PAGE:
It’s possible to keep food relatively cheap by subsidising it, of course. That’s a zero-sum political choice, which would means removing subsidies from elsewhere.
Given that the world is subsidising Big Oil to the tune of seven trillion dollars a year, this is mathematically straightforward.
But is it politically possible?
How to get our governments to act like grown-ups
Tractors will keep blocking roads in protest until we face up to this apparently intractable problem.
It’s very much tractor-ble, but only once we start acknowledging the underlying reasons for all the cost pressures that so concern our farmers – our carbon emissions.
‘Greedy governments’, shrinkflating food brands, ‘dominant supermarkets’, ‘profiteering Big Fertiliser’, ‘chiselling energy providers’ and ‘unfair foreign imports’ are all false enemies. They’re just different symptoms of our same collective delusion of trying to maintain Engel’s Law in defiance of economic gravity.
They’re examples of the ‘waterbed effect’ – push down on one of the problems, and it just increases the bulge somewhere else.
Addressing this as Parents, rather than Toddlers, is a much bigger challenge than we might imagine, as we’re all both Parent and Toddler. None of us wants to give up our toys, whether they come in the form of cheap food, cheap flights or cheap clothes.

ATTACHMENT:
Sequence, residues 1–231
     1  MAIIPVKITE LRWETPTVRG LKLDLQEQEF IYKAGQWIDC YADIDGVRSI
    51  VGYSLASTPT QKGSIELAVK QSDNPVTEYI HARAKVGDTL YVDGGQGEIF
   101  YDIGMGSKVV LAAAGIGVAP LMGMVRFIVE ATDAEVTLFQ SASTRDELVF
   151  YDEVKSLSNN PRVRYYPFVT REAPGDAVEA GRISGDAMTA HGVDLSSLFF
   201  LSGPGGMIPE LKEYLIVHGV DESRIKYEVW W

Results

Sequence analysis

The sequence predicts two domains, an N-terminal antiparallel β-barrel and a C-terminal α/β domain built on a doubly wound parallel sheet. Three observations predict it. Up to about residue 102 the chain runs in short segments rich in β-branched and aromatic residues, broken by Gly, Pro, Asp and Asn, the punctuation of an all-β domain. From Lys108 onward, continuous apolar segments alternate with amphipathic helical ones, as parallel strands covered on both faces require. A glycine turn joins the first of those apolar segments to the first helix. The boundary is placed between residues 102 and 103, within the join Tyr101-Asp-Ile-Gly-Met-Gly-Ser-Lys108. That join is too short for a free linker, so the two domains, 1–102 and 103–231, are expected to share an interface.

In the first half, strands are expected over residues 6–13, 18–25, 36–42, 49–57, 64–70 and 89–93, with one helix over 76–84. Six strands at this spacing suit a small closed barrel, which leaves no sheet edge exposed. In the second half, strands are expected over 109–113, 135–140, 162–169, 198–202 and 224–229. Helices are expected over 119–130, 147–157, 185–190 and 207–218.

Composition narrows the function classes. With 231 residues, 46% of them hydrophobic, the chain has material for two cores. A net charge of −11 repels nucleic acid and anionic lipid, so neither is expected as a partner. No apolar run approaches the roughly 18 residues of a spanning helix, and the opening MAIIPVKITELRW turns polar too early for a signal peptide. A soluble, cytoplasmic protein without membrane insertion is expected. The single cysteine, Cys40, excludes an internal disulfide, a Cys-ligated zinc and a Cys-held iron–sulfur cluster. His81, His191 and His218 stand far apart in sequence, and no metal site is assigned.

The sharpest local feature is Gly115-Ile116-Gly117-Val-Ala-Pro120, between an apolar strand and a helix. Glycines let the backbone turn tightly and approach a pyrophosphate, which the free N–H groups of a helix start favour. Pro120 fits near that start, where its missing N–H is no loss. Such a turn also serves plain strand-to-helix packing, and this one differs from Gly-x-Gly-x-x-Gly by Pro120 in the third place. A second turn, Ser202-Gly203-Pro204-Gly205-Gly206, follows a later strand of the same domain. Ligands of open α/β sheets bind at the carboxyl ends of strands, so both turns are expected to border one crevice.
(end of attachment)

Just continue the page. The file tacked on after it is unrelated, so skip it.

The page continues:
The solutions, like the blame, are easily passed on to someone else – The Powers That Be, Foreigners, or The Next Generation (the one currently playing video games on the sofa).
So many vested interests simultaneously deflecting blame. So few lonely voices declining to challenge the omertá that our food system is sustainable. And pulling the strings behind it all, the ultimate culprit, Big Oil, paying expert storytellers to spin tales to divide-and-rule tactics, and distract us with dead cat distractions.
Taking responsibility, urgently, effectively
Not easy, then, but the farmers have pointed us toward the right people to fix this – our governments.
Even if politicians act like our masters, they’re supposed to be our servants. If politicians are too timorous to lead, let’s give them a reason to follow, or suffer the consequences. No leader, whether in a democracy or an autocracy, can defy the collective will of the ruled for long.
There’s another law – the Law of the Jungle. There’s a good reason why we confuse Immutable, Literal and Perceived Laws – they’re interlinked, and understanding how they’re linked, and how use them to exert pressure, is critical to effective climate action.